Jason Furman, Larry Summers, and Jason Bordoff write

We believe these principles should command wide assent as policymakers consider tax reforms, whether incremental or far-reaching:

1. Fiscal responsibility requires addressing both taxes and spending.
2. Rising inequality strengthens the case for progressivity.
3. The tax system should collect the taxes that are owed.
4. Tax reform should strengthen taxation at the business level.
5. Taxes for individuals should be simplified.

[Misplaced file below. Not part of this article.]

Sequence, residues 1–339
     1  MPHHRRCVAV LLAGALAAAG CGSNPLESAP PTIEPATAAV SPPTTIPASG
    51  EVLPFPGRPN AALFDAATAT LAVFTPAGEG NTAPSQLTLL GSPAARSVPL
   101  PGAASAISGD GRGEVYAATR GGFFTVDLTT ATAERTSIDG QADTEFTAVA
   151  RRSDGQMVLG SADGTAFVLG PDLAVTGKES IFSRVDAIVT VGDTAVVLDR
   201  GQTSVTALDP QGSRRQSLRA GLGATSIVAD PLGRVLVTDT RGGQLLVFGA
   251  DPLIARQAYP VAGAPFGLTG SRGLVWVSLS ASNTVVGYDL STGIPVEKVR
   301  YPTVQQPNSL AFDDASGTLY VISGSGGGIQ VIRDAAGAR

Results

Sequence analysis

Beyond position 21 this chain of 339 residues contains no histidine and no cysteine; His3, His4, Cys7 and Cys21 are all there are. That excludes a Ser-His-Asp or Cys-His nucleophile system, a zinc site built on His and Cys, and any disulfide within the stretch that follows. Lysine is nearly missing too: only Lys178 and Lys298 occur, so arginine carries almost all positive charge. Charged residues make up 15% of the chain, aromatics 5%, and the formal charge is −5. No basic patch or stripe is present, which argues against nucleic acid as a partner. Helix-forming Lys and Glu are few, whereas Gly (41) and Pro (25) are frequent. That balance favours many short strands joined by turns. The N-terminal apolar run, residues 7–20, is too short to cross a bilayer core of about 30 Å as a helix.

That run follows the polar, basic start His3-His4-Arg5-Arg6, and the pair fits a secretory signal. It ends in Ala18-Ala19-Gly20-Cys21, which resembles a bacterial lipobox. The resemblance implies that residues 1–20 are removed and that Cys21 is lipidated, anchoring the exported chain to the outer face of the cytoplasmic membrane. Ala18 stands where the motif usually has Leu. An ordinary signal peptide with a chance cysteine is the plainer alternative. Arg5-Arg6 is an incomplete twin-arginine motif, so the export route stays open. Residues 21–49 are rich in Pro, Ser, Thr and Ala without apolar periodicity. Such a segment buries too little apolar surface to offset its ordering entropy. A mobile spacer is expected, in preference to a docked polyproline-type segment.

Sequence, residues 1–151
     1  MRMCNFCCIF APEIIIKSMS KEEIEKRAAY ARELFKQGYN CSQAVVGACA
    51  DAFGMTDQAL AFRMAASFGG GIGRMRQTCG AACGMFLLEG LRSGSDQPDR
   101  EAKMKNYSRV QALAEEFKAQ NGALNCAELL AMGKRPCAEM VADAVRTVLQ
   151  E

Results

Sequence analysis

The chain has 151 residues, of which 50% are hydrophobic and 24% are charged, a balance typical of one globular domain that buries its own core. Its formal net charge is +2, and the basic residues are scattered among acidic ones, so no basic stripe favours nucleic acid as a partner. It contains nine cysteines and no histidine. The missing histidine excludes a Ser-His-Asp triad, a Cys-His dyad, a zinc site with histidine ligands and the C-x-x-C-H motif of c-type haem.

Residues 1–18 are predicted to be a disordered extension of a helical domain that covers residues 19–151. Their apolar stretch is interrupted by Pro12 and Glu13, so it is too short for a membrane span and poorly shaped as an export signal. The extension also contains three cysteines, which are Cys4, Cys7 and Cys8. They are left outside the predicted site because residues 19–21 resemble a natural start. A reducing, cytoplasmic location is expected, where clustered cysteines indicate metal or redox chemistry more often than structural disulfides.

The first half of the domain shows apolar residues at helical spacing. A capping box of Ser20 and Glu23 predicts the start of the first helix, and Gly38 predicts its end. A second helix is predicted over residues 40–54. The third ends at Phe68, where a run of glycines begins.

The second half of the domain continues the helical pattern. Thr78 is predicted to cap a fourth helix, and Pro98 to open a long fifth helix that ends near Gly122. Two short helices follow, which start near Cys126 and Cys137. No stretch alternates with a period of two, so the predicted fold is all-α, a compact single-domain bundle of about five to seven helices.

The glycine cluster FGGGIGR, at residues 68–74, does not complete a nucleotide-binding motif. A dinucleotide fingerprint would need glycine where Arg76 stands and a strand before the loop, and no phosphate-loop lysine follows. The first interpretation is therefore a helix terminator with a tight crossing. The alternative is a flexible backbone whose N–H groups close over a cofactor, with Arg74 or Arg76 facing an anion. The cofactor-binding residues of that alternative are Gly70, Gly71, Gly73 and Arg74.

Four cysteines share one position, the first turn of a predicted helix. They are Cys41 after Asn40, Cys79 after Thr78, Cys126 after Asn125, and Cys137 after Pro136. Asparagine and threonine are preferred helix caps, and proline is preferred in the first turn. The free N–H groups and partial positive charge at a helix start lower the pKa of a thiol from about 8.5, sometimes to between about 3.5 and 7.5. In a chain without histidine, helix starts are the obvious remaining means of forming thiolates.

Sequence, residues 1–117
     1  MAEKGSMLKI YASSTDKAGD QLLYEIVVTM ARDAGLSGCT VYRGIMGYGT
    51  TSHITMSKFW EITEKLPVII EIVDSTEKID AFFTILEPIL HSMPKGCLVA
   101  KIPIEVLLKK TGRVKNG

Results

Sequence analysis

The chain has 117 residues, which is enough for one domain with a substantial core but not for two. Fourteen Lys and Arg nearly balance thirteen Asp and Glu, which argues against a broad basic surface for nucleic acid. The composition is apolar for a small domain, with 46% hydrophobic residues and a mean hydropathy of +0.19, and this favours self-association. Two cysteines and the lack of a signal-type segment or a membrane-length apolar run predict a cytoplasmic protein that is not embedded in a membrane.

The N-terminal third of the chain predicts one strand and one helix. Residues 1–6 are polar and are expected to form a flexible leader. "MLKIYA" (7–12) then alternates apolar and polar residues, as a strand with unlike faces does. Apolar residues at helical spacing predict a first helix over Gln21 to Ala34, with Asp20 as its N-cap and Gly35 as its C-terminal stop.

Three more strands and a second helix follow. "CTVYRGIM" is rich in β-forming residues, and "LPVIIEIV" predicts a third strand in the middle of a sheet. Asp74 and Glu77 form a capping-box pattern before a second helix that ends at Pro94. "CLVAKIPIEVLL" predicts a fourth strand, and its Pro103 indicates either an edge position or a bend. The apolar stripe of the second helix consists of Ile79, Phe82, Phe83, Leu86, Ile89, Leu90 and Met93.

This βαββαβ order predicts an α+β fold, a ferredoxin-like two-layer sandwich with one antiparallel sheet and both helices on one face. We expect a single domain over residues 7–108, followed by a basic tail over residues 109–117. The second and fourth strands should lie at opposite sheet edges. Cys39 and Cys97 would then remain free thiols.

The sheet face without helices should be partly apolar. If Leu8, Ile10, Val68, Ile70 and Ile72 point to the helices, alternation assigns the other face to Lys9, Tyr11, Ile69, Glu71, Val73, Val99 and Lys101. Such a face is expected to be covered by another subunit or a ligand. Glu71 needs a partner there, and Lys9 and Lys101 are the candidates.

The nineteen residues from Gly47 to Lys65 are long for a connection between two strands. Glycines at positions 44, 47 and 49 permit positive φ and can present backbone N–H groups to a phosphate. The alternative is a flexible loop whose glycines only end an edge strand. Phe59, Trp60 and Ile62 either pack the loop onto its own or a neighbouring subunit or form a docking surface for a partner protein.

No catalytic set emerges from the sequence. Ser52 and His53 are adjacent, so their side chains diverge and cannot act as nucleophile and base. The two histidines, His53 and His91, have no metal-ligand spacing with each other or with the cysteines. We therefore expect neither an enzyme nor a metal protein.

6. Social policy can and should often be advanced through the tax code—and it must be well designed.

Some of what they have to say makes sense. For example, they point out that income distribution policy is better handled with taxes and transfers that are based on income, rather than indirectly (through farm subsidies, for example).

Which is why point (4), “strengthening” business taxes, is nonsense. The corporate income tax is merely an indirect, ineffective tool for redistribution. If enough people understood economics, you would not have a corporate income tax. This tax stands as a monument to ignorance of basic economic concepts, particularly tax incidence analysis.